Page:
At Coca-Cola, many employees embrace an active lifestyle outside work, by keeping fit or enjoying sport. In Austria, Central & Southern Europe Knowledge & Insights Director Richard Raubik has taken this further than most by taking up free-running. After just six months, he is flipping and leaping in ways he never thought possible, especially at the age of 43.

We caught up with Richard to discover how he got into this unusual and little-understood sport:

There are many ways to keep fit. Why did you choose free-running?

Richard Raubik

It all began when I was looking for ways to spend more quality time with my kids. My 11-year-old son was trying out a lot of sports, but then he discovered free-running and found it really cool. I didn’t know anything about it, and checking on YouTube, it looked dangerous. So I said, "If you’re going to do it, you have to do it with me." This sounded like a fun way to spend time together, but with one problem – I had to take up a sport that views a 25-year-old as a veteran, let alone someone in their 40s! I enjoy a lot of sports, but this is like nothing I have ever done before, and far more demanding.

Isn’t free-running all about jumping off buildings?

That’s what a lot of people think, but no. It is about creative movement, incorporating a lot of acrobatics, and even elements from martial arts. It’s about moving using your entire environment, as creatively and fluidly as possible. Many people also confuse it with parkour. They are similar, but parkour is more about getting from A to B as efficiently and as fast as you can. It has less of the tricks and acrobatics you use in free-running.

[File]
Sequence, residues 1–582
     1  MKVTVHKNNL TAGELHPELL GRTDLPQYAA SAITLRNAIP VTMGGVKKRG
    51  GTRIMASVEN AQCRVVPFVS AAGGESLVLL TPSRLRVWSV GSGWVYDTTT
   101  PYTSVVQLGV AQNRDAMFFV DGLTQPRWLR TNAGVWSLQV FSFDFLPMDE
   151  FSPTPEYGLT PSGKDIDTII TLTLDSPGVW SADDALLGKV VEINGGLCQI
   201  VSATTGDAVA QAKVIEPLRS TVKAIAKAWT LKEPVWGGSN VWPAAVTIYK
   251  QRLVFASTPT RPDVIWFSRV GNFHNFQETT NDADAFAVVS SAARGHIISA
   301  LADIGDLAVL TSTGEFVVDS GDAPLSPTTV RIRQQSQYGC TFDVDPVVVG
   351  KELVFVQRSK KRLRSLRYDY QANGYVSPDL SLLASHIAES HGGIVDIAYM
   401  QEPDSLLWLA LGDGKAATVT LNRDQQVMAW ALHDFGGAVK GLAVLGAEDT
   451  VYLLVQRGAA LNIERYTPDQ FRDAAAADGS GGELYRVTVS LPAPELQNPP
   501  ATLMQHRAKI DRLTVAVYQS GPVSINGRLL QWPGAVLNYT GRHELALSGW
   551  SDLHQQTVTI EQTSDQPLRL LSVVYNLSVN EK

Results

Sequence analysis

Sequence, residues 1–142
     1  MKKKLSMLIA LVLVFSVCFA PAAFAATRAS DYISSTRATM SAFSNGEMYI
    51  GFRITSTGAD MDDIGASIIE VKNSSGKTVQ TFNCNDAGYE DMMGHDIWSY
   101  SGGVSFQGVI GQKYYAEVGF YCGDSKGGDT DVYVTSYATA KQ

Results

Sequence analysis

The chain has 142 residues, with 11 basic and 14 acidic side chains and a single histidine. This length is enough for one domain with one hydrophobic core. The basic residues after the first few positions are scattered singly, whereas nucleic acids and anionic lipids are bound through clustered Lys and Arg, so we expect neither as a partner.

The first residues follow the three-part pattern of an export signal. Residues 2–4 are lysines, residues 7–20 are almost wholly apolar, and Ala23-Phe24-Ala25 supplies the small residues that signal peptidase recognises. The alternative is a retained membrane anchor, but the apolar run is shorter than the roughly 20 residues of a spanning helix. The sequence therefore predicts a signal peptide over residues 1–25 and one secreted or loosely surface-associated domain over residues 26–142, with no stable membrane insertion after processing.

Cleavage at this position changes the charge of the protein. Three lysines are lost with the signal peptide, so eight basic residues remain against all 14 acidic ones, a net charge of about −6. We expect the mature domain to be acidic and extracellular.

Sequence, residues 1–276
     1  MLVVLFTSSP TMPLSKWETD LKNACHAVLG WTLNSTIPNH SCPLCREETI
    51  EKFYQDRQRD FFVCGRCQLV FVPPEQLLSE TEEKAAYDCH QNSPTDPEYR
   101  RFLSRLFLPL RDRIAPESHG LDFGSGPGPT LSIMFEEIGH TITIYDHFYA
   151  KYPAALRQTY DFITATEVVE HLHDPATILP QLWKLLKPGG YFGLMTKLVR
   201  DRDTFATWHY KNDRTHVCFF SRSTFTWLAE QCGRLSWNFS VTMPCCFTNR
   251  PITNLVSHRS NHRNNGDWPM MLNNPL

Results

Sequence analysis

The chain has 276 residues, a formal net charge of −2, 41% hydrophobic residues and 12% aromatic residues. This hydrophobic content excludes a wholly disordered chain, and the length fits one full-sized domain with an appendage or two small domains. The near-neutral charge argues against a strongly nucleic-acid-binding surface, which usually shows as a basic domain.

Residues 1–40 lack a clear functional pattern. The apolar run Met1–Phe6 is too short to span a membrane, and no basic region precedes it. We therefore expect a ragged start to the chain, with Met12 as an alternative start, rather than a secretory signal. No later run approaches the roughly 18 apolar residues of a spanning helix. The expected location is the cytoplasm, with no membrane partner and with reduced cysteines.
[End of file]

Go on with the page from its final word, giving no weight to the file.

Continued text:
How tough is free-running for a guy in his 40s?

When we started, I was by far the oldest and my son the youngest. Most of the people at the club we joined are in their teens. You learn fast, but before you can do any tricks you need to build up your core strength and flexibility. At first I found a lot of the movements plain impossible. I thought it must be because my arms are too short or my belly too big. I didn’t look like a cat leaping about like the others – I was more like Garfield.

How are you doing now?

Richard Raubik

After six months, I began doing much better than I expected, and was able to do a lot of the moves. But then recently I have had a set-back. In the first session of the free-running winter season I misplaced a side-flip landing and injured my back (almost herniated a disc).

I had to pause for a couple of weeks and, instead of crazy jumps and moves, I could barely move or even put my shoes on. However, I am determined that it won’t stop me, and I hope that by the time people read this, I’ll be back!

I still have one big goal I need to achieve: doing a standing back-flip. I’m about half way there, but unfortunately being "half way" in a back flip means landing on my head, so it’s difficult to practice!

Would you recommend free-running to friends and colleagues?

I would really recommend it as a sport. Physically, it keeps you in great shape but it also keeps you fit mentally, as so much is about keeping your brain under control. It’s so important to be active and enjoy movement and I’m proud our company does so much to encourage people to be active, including our own employees. Taking up free-running changed my mindset, making me realize that anything is possible for anyone…and when I wake up feeling the aches and pains, it’s also made me discover muscles I never knew I had!”